• PA 95–3 only alters the issues to be considered in awarding damages, and not standing, damage caps, or other issues;
  • The jury will be able to consider grief, sorrow, and mental suffering;
  • Attorneys will be able to present evidence and argument on those issues;
  • Jury instructions will be revised to either provide one line item for the new elements or separate, new lines for each element;
  • Verdict forms will have either one new line item or separate new line items as contemplated for the jury instructions;
  • “Grief, sorrow, and mental suffering” are separate and distinct from other pecuniary damages under the Wrongful Death Act (and are capped, non-economic damages under the Medical Malpractice Act);
  • “Grief, sorrow, and mental suffering” are different from loss of society;
  • The new terms will remain undefined and will be determined by effective advocacy at trial.

III. Jury Instructions

As predicted by the various legislators, the pattern jury instructions have been revised to reflect the statutory amendment. Instruction 31.01 lists “[t]he grief, sorrow, and mental suffering of [next of kin]” as distinct consideration in determining pecuniary loss. IPI Civ 3d No 31.01 (2011 ed). The comment to Instruction 31.01 reads: “Item 9 is a new addition to the instruction. Its inclusion is based on the 2007 amendment to the Wrongful Death Act, 740 ILCS 180/2. That amendment (PA 95–3) permits the recovery of damages for grief, sorrow, and mental suffering of the next of kin.” Similar revisions to the instructions and notes in the commentary are found in Instructions 31.01(a), 31.02, 31.02(a), 31.03, 31.03(a), 31.04, 31.05, and 31.06.

Even when PA 95–3 has not resulted in an alteration of the Illinois Pattern Jury Instructions, its presence is still significant. Paragraph 2 of the current version of Instruction 31.07 (“Measure of Damages—Wrongful Death—Factors Excluded”) continues to direct the jury not to consider “[t]he grief or sorrow of the next of kin.” However, the Notes on Use state: “For causes of action that accrue after May 31, 2007, paragraph 2 should be deleted from this Instruction. Under PA 95–3, effective May 31, 2007, next of kin may recover damages for their grief, sorrow and mental suffering.” Thus, Instruction 31.07 will only direct the jury not to consider the decedent’s pain and suffering and the next of kin’s poverty or wealth.

Finally, the Notes on Use in the above Instructions require Instruction 31.11, “Damages—Loss of Society—Definition” to be used whenever loss of society is claimed. Instruction 31.11 defines “loss of society” as “the mutual benefits that each family member receives from the other’s continued existence, including love, affection, care, attention, companionship, comfort, guidance, and protection.” This is the current definition under the 2011 edition of the Illinois Pattern Jury Instructions, and as such, the editors consciously omitted “grief, sorrow, and mental suffering” from the definition of loss of society. This presents a strong argument that “loss of society” and “grief, sorrow, and mental suffering” are to be separate areas of recovery in jury awards, and that grief, sorrow and mental suffering are not subsumed into loss of society.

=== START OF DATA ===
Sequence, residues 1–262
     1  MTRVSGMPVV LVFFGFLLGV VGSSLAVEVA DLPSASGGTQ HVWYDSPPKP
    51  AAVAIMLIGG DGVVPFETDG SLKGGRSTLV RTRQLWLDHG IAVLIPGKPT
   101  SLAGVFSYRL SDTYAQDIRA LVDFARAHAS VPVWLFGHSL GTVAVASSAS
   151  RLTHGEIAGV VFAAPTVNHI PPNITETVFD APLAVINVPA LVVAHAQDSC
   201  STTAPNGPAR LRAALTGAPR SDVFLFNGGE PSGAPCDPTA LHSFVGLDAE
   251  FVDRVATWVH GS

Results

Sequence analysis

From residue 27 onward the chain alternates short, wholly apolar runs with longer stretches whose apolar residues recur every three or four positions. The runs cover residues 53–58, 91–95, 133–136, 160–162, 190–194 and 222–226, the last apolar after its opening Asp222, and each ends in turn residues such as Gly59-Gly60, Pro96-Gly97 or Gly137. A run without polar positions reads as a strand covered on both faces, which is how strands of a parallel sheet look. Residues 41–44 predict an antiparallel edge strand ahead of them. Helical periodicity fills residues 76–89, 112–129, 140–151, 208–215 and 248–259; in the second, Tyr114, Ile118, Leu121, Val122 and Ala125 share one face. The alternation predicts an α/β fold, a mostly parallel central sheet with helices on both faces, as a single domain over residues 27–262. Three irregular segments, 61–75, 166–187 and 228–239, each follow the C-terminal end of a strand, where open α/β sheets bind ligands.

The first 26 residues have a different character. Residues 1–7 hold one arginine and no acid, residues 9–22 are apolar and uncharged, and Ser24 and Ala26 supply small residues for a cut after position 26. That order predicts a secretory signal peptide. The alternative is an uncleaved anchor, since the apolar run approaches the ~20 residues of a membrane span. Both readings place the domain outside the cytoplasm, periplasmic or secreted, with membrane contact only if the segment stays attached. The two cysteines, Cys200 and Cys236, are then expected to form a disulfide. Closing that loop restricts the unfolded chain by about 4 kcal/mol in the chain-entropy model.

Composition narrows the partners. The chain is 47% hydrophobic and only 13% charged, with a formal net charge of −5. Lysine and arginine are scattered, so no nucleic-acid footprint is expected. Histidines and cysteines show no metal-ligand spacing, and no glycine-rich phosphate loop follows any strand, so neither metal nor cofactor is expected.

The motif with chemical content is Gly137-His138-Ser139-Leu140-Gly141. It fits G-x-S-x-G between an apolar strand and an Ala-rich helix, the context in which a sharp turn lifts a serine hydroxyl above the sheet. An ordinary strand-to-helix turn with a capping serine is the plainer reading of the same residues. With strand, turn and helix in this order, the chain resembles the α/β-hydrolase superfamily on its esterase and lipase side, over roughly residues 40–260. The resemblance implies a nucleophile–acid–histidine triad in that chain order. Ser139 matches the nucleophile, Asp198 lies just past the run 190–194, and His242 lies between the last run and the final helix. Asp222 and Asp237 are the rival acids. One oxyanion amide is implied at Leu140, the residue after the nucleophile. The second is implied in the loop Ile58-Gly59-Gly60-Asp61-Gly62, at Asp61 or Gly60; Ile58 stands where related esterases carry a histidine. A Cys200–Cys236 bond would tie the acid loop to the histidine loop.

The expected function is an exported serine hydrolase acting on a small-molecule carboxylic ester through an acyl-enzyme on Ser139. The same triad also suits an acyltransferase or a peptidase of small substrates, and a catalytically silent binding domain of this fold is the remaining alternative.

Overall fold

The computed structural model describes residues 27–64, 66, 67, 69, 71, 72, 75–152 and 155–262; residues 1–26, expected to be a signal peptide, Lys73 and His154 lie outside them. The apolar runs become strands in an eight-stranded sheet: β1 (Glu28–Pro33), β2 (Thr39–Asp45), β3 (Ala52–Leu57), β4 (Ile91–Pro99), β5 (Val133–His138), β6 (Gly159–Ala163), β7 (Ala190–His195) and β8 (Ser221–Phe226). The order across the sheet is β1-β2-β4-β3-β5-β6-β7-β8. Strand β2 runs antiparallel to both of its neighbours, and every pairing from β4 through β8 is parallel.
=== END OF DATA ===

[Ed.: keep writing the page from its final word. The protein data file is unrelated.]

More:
Because the pattern jury instructions have already been changed to reflect the amendment to the Wrongful Death Act, counsel for plaintiffs should be comfortable submitting the Instructions for consideration. Counsel for defendants will have an uphill climb trying to block use of the Instructions, especially since grief, sorrow, and mental suffering are enshrined in the Act as matters for the jury to consider in awarding damages.

A. Pattern Verdict Forms

While the Illinois Pattern Jury Instructions contains specific directions on jury instructions, including with regard to grief, sorrow and mental suffering in Wrongful Death Act cases, its verdict forms are far more general. This holds true for the verdict forms that may be used in wrongful death cases. For example, see Instruction B45.01 (“Verdict Form A—Single Plaintiff and Defendant—No Contributory Negligence Pleaded”). The entire form reads:


We, the jury, find for plaintiff’s name and against defendant’s name. We assess the damages in the sum of, [itemized as follows:]

[Signature Lines]

At trial, practitioners should expect a dispute on how the categories of damages should be “itemized as follows” on the submitted verdict form. Expect defense counsel’s argument to be that since the pattern jury instructions verdict forms do not provide for a separate line item for grief, sorrow and mental suffering, and that the jury instructions do take those items into account, that the verdict form should be left as is. Plaintiffs’ counsel, in response, would likely refer the court to Instruction 31.06 and the related instructions, which specifically reference grief, sorrow and mental suffering as a measure of damages as elaborated upon in the notes and comments. Plaintiffs’ counsel may also point out that the next of kin’s grief, sorrow and mental suffering is clearly separate in nature from loss of society, in that Instruction 31.11 defines society as “the mutual benefits that each family member receives from the others continued existence, including love, affection, care, attention, companionship, comfort, guidance, and protection.” That definition makes no reference to personal grief, sorrow and mental suffering of the next of kin and remains unchanged after the amendment to the wrongful death statute in 2007, which allowed for damages for grief, sorrow and mental suffering. If such claims were really a part of loss of society, then there should have been a change in the IPI definition of society to reflect that change.